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Matthew 4:11

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Title: Matthew 4:11  
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Subject: Matthew 4, Matthew 4:10, Matthew 4:12, Mark 1, Matthew 27:55-56
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Matthew 4:11

Matthew 4:11 is the eleventh verse of the fourth chapter of the Gospel of Matthew in the New Testament. Jesus has just rebuffed Satan's third temptation and order him away. In this last verse of the temptation scene the devil departs and Jesus is serviced by angels.

In the King James Version of the Bible the text reads:

Then the devil leaveth him, and, behold,
angels came and ministered unto him.

The World English Bible translates the passage as:

Then the devil left him, and
behold, angels came and served him.

For a collection of other versions see BibRef Matthew 4:11

In the original Greek "devil left him" was in the historic present tense. This indicates that the devil had not left for good and would later return to further tempt Jesus. Luke 4:13 makes this explicit stating that the devil left only to await a more opportune time. [1]

The angels are mentioned in the Gospel of Mark at Mark 1:13 but they are absent from Luke's narrative. As described in Matthew 4:2 Jesus had been fasting for forty days and nights prior to the temptation. The word minister or served is often interpreted as the angels feeding Jesus. France states that this seems to reference 1 Kings 19:5-8 where the prophet Elijah is fed by angels.France, R.T. The Gospel According to Matthew: an Introduction and Commentary. Leicester: Inter-Varsity, 1985. Traditionally artists have depicted the scene as Jesus being presented with a feast. John Milton in Paradise Regained has a detailed description of the feast the angels present to Jesus. Clarke notes that ending the temptation narrative with a meal reflects the common literary device of using a feast scene to emphasize a happy ending. That the divine angels provide Jesus with the food is a clear sign that it is acceptable for him to break his fast.[2] To Jones the divine relief is proof that Jesus was never wrong because he never lost his faith in God during the temptation scene.[3] Hill notes that in the War Scroll found at Qumran angels are described as forming an army to battle evil. This is somewhat at odds with the portrayal of angels in the gospels, but could in theory be linked to this verse with the angels actually aiding in driving off Satan rather than simply ministering to Jesus.[4]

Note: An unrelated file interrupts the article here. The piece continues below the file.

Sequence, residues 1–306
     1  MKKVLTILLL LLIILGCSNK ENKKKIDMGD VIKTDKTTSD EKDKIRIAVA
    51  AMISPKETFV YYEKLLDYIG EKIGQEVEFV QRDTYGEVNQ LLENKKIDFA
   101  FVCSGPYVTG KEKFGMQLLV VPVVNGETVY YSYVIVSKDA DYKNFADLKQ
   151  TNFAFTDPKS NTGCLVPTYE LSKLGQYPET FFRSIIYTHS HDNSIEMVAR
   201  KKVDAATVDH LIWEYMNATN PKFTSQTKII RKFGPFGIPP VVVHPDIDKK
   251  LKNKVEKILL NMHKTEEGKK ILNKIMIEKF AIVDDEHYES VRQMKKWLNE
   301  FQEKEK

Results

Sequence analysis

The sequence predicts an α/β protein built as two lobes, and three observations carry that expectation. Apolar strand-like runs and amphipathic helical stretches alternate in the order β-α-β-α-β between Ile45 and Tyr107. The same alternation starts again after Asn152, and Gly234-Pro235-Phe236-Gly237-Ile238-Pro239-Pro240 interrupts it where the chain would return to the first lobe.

Gospel of Matthew
Preceded by:
Matthew 4:10
Chapter 4 Followed by:
Matthew 4:12
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